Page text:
Tectonic oceanic plates are usually subducted beneath another plate and sink deep into the Earth, eventually being mixed back into the rest of the mantle. However, a slab’s history after subduction can be complicated. Whilst all known slabs sink quickly to the transition zone (410–660 km beneath the surface), hereafter there are significant differences between slabs (Fukao & Obayahi, 2013). Some like the Farallon plate apparently travel unimpeded to the core–mantle boundary, whilst many like the Honshu and Bonin slabs ‘stagnate’ at 660 km, or even pond deeper still at 1000 km such as the Mariana slab. The reason for these differences is unclear. It also remains uncertain whether or not these ponded slabs will eventually sink once again, or be entrained into the transition zone and upper mantle. These questions are of fundamental importance to the history of the Earth, since slabs cycle material back into the deep interior and influence the degree to which mantle convection is layered.
This project will investigate how slabs travel through the mantle by examining earthquakes occurring in the transition zone and above. This seismicity—the occurrence, timing, location and focal mechanism of these events—can tell us the state of stress in the slab and relate this to the viscosity contrast between the slab and lower mantle. It will also help explain why such deep earthquakes occur, which is also largely unexplained.
The project will also use deep earthquakes to study the structure of the slab. Careful measurement and modelling of the waveforms created by deep events can reveal the structure around the event (e.g., Fan et al., 2019). This includes inferring the presence of anisotropy (Nowacki et al., 2015).
-- Project plan
In this project, you will use array seismic methods, shear wave splitting, and other techniques to make wholly new observations from raw seismic data. You will invert these data for earthquake locations using novel non-linear techniques. You will test hypotheses for the seismic velocity structure near the earthquakes, including anisotropy. Armed with this information, you will compare the structure and kinematics implied to models of the chemistry of slabs. Ultimately, you will test if slabs with different subduction styles show different chemistry and dynamics. In this way, we can potentially identify why subduction style varies and predict the future of stagnating slabs.
Depending on your background and interest, project objectives could include:
1. Examine seismicity in the transition zone by searching for seismicity using new autmatic low-signal-to-noise methods (Shi et al., 2018).
2. Gather measurements of shear wave splitting around deep earthquakes, and invert for the anisotropic elastic structure in the transition zone.
3. Use high-frequency full-waveform modelling of deep earthquakes to infer elastic structure. Coupled with (2), infer the chemistry of slabs by comparison with data.
4. Use thermodynamic mineral physics databases (e.g., Connolly, 2009) along with hypotheses for the chemistry of slabs to construct candidate 3D velocity models around slabs. Test the synthetic seismograms these produce against data.
-- Applicant suitability
You will have an interest in the fundamental way the Earth behaves, and a passion for interrogating datasets by both using existing computations seismic techniques and developing enw ones. You will need to be able to collate seismic data, process it with available tools, develop new tools, and model your data using existing workflows. Candidates will usually be armed with undergraduate training in geophysics, physics, geology, applied mathematics or a similar quantitative science. Programming experience is advantageous but not essential.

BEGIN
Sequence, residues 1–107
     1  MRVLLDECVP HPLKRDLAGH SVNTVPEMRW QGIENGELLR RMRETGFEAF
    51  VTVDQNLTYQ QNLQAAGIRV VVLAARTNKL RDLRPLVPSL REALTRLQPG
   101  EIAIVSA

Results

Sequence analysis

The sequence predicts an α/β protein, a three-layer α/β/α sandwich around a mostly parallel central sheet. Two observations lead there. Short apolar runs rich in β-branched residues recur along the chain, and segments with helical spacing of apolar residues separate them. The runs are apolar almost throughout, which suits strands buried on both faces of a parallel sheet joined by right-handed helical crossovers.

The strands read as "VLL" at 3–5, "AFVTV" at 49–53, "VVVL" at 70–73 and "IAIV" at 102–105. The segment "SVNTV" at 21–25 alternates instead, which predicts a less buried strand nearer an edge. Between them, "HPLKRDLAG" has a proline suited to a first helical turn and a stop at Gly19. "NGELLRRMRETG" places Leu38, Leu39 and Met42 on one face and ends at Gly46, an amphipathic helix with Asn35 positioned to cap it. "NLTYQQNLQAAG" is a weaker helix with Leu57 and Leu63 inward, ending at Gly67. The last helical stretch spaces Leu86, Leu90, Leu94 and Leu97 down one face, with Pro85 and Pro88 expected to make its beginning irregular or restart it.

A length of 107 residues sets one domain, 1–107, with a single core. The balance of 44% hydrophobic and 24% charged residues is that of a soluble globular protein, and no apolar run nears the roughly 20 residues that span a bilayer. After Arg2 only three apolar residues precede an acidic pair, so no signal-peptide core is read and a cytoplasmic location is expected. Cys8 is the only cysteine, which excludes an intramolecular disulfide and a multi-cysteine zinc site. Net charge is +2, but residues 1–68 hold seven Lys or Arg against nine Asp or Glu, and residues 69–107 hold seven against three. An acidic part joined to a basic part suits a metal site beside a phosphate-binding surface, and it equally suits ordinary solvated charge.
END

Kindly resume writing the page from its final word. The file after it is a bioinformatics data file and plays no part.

-- Training environment
Leeds hosts the UK’s largest group of researchers studying the Earth’s deep interior. You will be a key member of a team of researchers across the School of Earth and Environment tackling fundamental problems in the study of the solid Earth. You will be part of the Seismology, Tectonics and Deep Earth research groups in the Institutes of Geophysics and Tectonics, and Applied Geosciences, interacting daily not only with your supervisors, but other senior colleagues, postdoctoral researchers and fellow PhD students. In this project you will be trained in many transferrable scientific skills, including analysis of large datasets, high-performance computer modelling, probabilistic inversion of geophysical data, and the dynamic communication of your ideas.
-- How to apply
For details see: https://panorama-dtp.ac.uk/how-to-apply
• Connolly, J.A.D., 2009. The geodynamic equation of state: What and how. Geochemistry, Geophysics, Geosystems. https://doi.org/10.1029/2009GC002540
• Fan, W., S.S. Wei, D. Tian, J.J. McGuire, and D.A. Wiens, 2019. Complex and Diverse Rupture Processes of the 2018 Mw 8.2 and Mw 7.9 Tonga‐Fiji Deep Earthquakes. Geophysical Research Letters, 46, pp. 2434–2448. https://doi.org/10.1029/2018GL080997
• Fukao, Y. and M. Obayashi, 2013. Subducted slabs stagnant above, penetrating through, and trapped below the 660 km discontinuity. Journal of Geophysical Research: Solid Earth, 118, pp. 5920–5938. https://doi.org/10.1002/2013JB010466
• Nowacki, A., J.-M. Kendall, J. Wookey and A. Pemberton, 2015. Mid-mantle anisotropy in subduction zones and deep water transport. Geochemistry, Geophysics, Geosystems, 16, pp. 1-21. http://doi.org/10.1002/2014GC005667
• Shi, P., A. Nowacki, S. Rost, D.A. Angus, 2018. Automated seismic waveform location using Multichannel Coherency Migration (MCM)–II. Application to induced and volcano-tectonic seismicity. Geophysical Journal International, 216, pp. 1608–1632. https://doi.org/10.1093/gji/ggy507